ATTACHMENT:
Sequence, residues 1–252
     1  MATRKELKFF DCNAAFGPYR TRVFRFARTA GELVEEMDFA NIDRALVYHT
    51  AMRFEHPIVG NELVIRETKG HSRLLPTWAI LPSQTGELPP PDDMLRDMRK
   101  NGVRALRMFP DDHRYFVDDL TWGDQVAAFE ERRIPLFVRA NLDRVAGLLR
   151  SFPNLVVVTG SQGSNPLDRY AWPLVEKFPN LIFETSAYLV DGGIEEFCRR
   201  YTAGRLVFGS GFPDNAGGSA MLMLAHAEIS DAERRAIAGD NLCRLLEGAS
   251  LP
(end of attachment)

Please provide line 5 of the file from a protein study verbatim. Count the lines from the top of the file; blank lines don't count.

   151  SFPNLVVVTG SQGSNPLDRY AWPLVEKFPN LIFETSAYLV DGGIEEFCRR